2. Place all samples into 37° C. shaker bath horizontally and shake at 160 rpm.

3. At different times during the digestion remove 100 μL sample from the tubes and add to 2 mL ethanol; vortex

4. Measure glucose using GODOP Kit supplied by Megazyme


% Digested=Glucose [g/sample]/TG [g/sample]

TG=total glucose potentially available from the sample (e.g. total starch wt*0.9 for starch samples)


Initial rate rinitial=[A15 min]/15 min units for r initial=[min−1]

Rate constant k: first order reaction


rate=−dt[A]/dt=k[A]

k=rate/[A] units fork are in [1/hr]

Where [A] is amount of sample digested (measured as glucose released)

This in vitro assay can be used to pre-screen potential sustained release carbohydrates and determine chance of success in subsequent human clinical trials. For three classes of carbohydrate ingredients we have found that:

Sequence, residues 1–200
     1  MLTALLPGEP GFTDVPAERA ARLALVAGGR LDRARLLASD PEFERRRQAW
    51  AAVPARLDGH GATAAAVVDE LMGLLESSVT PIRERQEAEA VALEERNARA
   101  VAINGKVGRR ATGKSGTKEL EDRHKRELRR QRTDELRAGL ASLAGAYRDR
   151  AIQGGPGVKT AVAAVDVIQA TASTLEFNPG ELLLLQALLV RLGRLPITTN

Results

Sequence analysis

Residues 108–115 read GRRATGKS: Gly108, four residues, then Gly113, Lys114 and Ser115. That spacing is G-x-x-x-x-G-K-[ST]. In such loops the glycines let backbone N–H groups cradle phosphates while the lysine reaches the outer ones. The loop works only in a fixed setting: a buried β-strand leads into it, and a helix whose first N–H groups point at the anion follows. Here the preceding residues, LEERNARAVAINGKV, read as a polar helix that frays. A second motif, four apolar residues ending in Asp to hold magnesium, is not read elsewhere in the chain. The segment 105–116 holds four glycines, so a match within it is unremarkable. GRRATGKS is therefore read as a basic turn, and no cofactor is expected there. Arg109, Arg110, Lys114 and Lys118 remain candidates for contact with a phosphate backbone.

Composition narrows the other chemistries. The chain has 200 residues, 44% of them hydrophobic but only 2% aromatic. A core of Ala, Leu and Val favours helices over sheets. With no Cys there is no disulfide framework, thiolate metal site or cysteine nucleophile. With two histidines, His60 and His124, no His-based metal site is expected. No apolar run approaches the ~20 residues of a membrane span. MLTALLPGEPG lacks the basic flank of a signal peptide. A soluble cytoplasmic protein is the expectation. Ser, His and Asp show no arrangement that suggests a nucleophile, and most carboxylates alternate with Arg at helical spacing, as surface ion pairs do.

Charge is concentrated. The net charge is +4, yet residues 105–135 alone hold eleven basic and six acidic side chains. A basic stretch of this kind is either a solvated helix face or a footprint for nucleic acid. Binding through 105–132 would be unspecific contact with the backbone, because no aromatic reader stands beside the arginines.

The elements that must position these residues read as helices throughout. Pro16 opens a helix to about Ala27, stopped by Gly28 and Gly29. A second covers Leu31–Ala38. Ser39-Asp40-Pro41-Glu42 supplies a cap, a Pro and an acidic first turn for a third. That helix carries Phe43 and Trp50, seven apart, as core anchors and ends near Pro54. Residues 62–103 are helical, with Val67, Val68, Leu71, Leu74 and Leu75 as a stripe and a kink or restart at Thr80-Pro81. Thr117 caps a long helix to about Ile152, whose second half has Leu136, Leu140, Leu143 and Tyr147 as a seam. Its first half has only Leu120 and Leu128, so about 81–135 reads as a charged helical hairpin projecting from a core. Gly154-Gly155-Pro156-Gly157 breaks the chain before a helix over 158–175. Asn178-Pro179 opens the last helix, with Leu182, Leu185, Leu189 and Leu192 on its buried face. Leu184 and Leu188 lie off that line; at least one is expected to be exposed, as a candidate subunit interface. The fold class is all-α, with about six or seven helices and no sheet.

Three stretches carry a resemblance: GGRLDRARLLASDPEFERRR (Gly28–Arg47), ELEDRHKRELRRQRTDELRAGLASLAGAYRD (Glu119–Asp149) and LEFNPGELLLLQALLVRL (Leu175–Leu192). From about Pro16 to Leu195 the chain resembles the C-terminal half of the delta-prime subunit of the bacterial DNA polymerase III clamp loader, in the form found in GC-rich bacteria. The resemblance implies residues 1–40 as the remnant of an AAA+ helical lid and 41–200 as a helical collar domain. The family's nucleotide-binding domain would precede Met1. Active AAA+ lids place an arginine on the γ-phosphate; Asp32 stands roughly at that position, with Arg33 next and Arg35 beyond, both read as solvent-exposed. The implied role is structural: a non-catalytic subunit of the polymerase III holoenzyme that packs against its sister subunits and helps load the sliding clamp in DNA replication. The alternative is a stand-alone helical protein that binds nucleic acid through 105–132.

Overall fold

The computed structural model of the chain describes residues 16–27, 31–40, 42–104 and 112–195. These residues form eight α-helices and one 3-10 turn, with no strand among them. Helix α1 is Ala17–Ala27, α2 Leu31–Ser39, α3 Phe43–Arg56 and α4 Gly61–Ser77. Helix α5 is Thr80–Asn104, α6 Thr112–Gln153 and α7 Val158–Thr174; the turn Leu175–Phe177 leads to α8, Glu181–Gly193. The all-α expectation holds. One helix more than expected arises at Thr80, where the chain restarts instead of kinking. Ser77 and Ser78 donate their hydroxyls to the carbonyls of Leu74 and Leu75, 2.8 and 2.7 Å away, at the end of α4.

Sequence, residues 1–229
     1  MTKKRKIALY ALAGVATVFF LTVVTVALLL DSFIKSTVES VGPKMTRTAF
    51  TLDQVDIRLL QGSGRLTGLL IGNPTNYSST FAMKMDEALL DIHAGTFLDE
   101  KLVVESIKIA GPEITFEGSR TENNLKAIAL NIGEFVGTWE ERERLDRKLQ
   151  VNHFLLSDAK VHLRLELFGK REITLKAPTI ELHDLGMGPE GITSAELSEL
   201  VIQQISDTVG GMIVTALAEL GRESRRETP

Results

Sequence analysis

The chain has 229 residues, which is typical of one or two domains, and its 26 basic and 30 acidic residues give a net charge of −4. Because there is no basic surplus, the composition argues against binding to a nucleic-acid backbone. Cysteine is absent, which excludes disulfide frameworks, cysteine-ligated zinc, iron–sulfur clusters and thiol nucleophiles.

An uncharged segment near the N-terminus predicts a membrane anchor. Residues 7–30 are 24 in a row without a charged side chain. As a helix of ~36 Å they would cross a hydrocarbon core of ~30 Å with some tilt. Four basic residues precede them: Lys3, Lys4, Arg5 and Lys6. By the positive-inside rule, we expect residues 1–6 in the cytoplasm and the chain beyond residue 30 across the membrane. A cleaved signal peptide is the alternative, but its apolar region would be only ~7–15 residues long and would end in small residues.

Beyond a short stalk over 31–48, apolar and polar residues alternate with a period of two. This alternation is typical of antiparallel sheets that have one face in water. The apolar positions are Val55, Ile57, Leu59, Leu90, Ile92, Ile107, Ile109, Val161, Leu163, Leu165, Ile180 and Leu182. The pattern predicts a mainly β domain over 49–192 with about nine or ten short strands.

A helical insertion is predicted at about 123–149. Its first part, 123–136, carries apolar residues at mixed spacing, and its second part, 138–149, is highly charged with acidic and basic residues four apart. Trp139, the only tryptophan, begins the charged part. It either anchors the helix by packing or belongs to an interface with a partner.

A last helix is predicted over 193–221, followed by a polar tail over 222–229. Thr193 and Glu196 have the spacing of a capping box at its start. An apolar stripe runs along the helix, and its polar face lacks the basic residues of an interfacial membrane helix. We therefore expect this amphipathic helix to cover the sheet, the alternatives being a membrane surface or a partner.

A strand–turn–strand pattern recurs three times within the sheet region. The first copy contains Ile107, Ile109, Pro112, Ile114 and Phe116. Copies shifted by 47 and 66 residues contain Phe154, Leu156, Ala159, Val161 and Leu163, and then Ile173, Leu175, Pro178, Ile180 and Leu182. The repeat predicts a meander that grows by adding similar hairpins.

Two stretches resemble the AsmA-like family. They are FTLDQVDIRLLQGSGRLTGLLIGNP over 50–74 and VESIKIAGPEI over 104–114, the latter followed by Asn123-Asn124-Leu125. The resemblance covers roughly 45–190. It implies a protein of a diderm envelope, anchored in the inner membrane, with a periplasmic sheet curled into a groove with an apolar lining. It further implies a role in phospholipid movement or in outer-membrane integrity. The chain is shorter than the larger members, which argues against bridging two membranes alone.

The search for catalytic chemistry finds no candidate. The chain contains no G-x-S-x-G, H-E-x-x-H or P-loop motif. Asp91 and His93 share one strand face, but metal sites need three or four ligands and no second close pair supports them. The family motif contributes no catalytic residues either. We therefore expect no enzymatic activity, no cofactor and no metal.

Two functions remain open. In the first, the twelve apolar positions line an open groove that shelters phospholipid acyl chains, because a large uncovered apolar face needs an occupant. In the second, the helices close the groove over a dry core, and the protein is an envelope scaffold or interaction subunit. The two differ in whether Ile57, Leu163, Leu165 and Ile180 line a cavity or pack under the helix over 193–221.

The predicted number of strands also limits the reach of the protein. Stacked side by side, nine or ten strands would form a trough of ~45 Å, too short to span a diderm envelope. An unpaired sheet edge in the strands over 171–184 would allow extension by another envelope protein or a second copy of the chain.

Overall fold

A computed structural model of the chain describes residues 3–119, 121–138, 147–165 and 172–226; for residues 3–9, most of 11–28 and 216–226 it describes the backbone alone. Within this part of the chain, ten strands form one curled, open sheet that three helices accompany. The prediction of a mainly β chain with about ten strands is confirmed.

Rapidly digestible: initial digestion rate (at 15 min)>1

rate constant (k)>0.5

Slowly digestible/sustained release: initial digestion rate<1 and continued digestion over a 3 hour period;

rate constant (k)=0.1-0.4

Fiber: initial digestion rate<1 and no continued digestion after 30 min;

    • rate constant (k)<0.1

EXAMPLE 4

Processing Stability—Low Moisture Model System

An experimental design was set up to test different times and temperatures of processing in order to predict the processing stability of the prototype in different food applications at low moisture contents (e.g., 40% by weight moisture or less).